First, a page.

Multiple Jobholders Account for 5.1% of All Employed

What are the long-term trends for multiple jobholders in the US? The Bureau of Labor Statistics has two decades of historical data to enlighten us on that topic, courtesy of table A-16 in the monthly Current Population Survey of households.

In May, there were 8.194 million people working multiple jobs in the U.S. Multiple jobholders now account for 5.1% of civilian employment. The survey captures data for four subcategories (in pie chart at right) of the multi-job workforce, the relative sizes of which are illustrated in a pie chart. The distinction between "primary" and "secondary" jobs is a subjective one determined by the survey participants.

Not included in the statistics are the approximately 0.03% of the employed who work part-time on what they consider their primary job and full time on their secondary job(s).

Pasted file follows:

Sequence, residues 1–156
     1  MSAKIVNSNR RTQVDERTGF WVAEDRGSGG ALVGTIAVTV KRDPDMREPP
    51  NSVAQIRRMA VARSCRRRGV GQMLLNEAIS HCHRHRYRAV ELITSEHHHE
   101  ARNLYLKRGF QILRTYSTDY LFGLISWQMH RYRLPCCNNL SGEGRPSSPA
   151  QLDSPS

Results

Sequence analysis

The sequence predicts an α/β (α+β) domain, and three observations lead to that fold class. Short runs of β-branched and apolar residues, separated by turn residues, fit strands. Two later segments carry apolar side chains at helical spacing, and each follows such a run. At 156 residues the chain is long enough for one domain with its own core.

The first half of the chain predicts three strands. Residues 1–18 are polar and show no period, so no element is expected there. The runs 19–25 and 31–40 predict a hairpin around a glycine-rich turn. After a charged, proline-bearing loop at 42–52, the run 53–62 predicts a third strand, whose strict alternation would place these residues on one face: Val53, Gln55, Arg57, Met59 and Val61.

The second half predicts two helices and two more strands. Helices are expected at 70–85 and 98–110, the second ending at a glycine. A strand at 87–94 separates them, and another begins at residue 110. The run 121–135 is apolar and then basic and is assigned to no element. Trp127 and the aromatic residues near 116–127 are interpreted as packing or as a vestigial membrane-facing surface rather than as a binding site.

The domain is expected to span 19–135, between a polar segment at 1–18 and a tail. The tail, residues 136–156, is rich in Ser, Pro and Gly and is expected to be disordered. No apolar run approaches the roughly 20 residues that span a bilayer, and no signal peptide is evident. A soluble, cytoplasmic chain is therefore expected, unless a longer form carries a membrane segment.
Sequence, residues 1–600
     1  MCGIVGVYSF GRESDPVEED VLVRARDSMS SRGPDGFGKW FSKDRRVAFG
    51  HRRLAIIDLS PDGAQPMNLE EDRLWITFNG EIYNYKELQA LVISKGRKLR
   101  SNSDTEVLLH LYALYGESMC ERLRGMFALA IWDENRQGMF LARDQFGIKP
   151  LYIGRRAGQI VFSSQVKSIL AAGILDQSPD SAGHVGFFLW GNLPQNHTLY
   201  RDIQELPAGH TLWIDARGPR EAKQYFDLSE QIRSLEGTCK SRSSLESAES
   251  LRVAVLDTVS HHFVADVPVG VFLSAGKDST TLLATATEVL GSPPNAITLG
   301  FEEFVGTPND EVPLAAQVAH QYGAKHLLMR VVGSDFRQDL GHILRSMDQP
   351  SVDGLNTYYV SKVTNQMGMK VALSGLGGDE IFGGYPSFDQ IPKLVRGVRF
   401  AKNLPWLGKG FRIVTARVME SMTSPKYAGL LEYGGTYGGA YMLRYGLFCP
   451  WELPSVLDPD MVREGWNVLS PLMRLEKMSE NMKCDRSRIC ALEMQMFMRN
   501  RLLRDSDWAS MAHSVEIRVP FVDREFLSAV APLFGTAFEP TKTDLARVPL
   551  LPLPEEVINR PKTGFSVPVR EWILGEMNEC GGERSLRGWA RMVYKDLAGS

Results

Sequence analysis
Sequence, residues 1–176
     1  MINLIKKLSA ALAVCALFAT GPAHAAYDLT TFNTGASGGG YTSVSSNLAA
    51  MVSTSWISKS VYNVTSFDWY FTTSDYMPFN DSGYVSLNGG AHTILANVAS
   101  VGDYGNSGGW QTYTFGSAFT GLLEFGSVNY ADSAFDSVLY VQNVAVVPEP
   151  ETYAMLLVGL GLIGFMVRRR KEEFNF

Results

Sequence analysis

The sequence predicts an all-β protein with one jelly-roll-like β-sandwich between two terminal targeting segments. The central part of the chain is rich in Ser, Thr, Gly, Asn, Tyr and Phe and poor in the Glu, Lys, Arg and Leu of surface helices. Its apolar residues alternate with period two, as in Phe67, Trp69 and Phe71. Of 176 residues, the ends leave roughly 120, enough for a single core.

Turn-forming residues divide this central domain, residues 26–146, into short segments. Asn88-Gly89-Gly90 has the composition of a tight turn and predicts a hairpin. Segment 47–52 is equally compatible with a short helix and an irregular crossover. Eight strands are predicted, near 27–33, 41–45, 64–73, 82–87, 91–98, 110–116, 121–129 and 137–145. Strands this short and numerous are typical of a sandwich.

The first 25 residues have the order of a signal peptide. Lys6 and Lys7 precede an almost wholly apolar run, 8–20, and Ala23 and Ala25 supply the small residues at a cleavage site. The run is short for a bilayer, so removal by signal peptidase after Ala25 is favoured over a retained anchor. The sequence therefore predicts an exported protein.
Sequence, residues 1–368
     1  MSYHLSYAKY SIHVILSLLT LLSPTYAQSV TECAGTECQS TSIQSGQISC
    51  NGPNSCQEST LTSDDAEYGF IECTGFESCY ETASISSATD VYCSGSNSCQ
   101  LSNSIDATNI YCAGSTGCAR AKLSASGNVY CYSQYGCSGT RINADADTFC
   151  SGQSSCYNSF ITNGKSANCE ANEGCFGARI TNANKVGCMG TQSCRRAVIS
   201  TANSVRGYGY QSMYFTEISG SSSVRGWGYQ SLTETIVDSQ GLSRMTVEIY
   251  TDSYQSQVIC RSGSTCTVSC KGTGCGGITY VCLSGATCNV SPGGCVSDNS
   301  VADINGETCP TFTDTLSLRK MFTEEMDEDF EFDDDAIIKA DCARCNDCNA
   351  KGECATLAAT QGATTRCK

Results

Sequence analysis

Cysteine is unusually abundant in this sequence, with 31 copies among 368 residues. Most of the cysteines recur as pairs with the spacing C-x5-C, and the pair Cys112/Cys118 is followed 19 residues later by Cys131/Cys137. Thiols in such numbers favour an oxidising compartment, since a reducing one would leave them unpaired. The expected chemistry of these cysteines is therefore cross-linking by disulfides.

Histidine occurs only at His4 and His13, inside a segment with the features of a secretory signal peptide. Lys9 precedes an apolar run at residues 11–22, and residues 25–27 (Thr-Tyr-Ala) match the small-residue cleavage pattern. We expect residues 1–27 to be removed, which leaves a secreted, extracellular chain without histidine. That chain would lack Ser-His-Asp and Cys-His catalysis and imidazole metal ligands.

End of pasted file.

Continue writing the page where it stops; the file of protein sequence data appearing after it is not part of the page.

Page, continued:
Let's review the complete series to help us get a sense of the long-term trends. Here is a look at all the multiple jobholders as a percent of the civilian employed. The dots are the non-seasonally adjusted monthly data points. Multiple jobholders have accounted for 5.0% or more of total employed persons for 10 straight months, the longest streak since the runup to the 2020 pandemic (17 months).

However, the monthly data points can be quite volatile so we've added a 12-month moving average to highlight the trend. The moving average peaked in the summer of 1997 and then began trending downward. The moving average hovered slightly below 5% between the last two recessions before dropping to as low as 4.4% in 2021. Since then, it has been trending upwards and is now pushing above pre-pandemic levels. The moving average currently sits at 5.15%, its highest level since February 2010.